Service providers seeking volunteers to help survey county’s homeless

Homeless service providers are once again making preparations to count and survey the county’s most vulnerable residents in an effort to better understand the homeless situation here as well as where and how to seek funding to alleviate the problems they face.

 

To do that they are turning to the public for a little help.

Dubbed the “point-in-time” survey, or PIT, the count happens every year in January as mandated by the Department of Housing and Urban Development. It is meant to provide a snapshot of the county’s homeless population by gathering, in a single 24-hour period, information about who the homeless are, how long they have been homeless, what services they need and what they are currently receiving.

This year’s PIT will be held on Jan. 23, and it will be the first one conducted since Flagler Hospital took over as lead agency for the St. Johns County Continuum of Care, the HUD-mandated umbrella organization of all county service providers.

“From our perspective we are really excited about the data,” John Eaton, Flagler Hospital’s director of community health improvement, told The Record on Friday.

If all goes as planned, once the surveys are done and processed, officials will have a better understanding of the county’s homeless population and its specific needs.

“We all have our impressions,” Eaton said. “But what do the numbers tell us? What do we learn on the 23rd that we can take and use over the next 12 months to address those issues.”

Seated with Brittany Coronado, who manages the Continuum’s Homeless Management Information System, or HMIS, for the hospital, and the St. Francis House’s Denis Sousa, Eaton talked a little about the goals of the count and what the numbers — which have changed drastically from year to year — mean.

Last year the PIT counted 445 individuals identified as homeless. That was down from 1,064 in 2016.

“The methodology changed big time last year and was more in line with HUD’s mandate,” Eaton explained. “And while that gave us a more accurate count it is really a lot more labor intensive and volunteer focused.”

Sousa said that in years past, those conducting the count and the surveys used what was referred to as a “slash” or a “stroke” count, where volunteers would mark tallies on a sheet for people they saw on the street that appeared homeless.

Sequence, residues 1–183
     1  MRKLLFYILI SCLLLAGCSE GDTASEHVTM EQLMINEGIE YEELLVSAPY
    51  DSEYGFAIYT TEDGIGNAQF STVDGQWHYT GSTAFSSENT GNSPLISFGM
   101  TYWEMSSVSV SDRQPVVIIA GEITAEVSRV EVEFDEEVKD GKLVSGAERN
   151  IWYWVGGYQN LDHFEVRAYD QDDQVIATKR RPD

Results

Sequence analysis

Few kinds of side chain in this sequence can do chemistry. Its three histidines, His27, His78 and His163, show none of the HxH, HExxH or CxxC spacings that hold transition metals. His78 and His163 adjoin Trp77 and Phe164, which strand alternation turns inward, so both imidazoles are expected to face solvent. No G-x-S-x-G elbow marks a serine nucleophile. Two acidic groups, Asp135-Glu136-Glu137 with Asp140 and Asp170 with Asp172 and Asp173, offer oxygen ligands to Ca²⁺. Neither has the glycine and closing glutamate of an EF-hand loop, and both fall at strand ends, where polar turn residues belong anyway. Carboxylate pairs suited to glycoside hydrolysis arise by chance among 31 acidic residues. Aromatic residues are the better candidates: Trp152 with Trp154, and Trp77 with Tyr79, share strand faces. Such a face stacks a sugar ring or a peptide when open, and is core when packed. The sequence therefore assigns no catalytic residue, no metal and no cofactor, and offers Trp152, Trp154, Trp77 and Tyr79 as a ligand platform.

While that method may get the final numbers closer to what people perceive as the real number, it may also capture people who aren’t truly homeless or meet HUD’s specific definition (which doesn’t include people living in hotels or sleeping on a friend’s couch).

“A college kid could be mistaken for homeless … if they rolled out of bed and ran to class,” Sousa offered as an example.

The old methods also didn’t help service providers understand what all the people counted needed in the way of assistance.

“By doing a stroke count, you can not tell somebody is veteran, you can not tell somebody is chronically homeless, you can not tell somebody has severe mental illness,” Coronado said. “That’s why the surveys come in.”

Once such things are known, service providers in the county and the Continuum can better focus grant applications and funding requests to help with the problems people are experiencing.

“The number for PIT is used across the board when it does come to funding,” Coronado said.

But it is a labor intensive process.

Sousa estimated that each survey can take between 20 and 40 minutes.

That is why the Continuum is trying to gather about 50 volunteers to help on the day of the count. They have some already, but they need more.

To be eligible, the volunteer needs reliable transportation, must be “friendly and compassionate” and have an eye for detail, according to literature from the Continuum.

Those interested can sign up for half- or full-day shifts and need to go through one of the offered training courses.

There are two scheduled training sessions left, one on Jan. 19 and another on Jan. 20.

At three to four hours long, the sessions are important to help prepare the volunteers for getting the important data needed to make the PIT successful, Sousa said.

“But you are going to walk away feeling comfortable on the day of the point-in-time to go out with the team lead and survey clients,” he said.

Those interested in volunteering can contact Flagler Hospital’s partner organization, St. Johns Volunteers, by visiting www.stjohnsvolunteers.org or calling 584-9600.

Call St. Johns Volunteers at 584-9600 or visit www.stjohnsvolunteers.org.

Click VOLUNTEER, register and then search for “Point in Time.”

 

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